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Mathematical study of the effects of travel costs on optimal dispersal in a two-patch model

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  • The theoretical dispersal of organisms has been widely studied. It is well known for single species dispersal in a spatially heterogeneous and temporally constant environment that ``balanced dispersal'' is an evolutionarily stable strategy [36,10]. This assumes that organisms do not pay a cost to move from one part of the environment to another. We begin this paper by proving that the optimal strategy for organisms constrained by perceptual limitations, described by [19], is evolutionarily stable. Then, we extend this idea of optimal dispersal to a situation where constrained organisms pay a cost to move between two patches in a heterogeneous environment. For moderate travel costs, we find a convergent stable strategy that suggests an extension of the balanced dispersal concept. Furthermore, we show for high costs that the best strategy is to ignore information about the environment.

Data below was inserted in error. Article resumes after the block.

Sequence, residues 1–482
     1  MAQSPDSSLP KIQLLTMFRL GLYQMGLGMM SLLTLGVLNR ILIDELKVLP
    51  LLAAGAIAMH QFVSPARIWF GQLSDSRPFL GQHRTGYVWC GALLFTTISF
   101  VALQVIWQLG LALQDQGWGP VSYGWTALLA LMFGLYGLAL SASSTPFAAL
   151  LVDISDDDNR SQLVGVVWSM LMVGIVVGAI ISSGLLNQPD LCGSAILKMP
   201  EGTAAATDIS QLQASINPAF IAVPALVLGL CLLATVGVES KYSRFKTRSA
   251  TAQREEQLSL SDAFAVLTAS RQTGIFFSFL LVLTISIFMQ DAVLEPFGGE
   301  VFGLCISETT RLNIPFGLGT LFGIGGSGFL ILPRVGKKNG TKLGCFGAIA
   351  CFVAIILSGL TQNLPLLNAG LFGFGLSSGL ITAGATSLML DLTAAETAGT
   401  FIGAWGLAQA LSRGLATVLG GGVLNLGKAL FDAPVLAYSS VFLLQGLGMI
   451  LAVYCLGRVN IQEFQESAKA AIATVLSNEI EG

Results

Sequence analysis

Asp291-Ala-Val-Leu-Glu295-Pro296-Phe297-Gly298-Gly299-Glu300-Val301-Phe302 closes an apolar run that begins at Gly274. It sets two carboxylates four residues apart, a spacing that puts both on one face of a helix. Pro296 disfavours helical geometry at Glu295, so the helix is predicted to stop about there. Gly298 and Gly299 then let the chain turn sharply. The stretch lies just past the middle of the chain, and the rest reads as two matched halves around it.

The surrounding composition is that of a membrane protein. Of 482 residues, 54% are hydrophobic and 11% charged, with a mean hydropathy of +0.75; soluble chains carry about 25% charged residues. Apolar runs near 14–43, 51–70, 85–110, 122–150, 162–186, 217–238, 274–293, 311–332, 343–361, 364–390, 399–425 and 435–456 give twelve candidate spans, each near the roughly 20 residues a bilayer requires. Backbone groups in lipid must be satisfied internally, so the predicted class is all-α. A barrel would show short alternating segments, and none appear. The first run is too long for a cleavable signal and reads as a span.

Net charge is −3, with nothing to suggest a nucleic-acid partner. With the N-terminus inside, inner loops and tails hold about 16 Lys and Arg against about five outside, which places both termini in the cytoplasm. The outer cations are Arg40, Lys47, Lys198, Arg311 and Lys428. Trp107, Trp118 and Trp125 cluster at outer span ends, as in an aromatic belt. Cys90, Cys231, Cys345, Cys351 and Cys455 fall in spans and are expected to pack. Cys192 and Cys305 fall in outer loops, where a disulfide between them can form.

Mathematics Subject Classification: Primary: 34D23; Secondary: 92D25.


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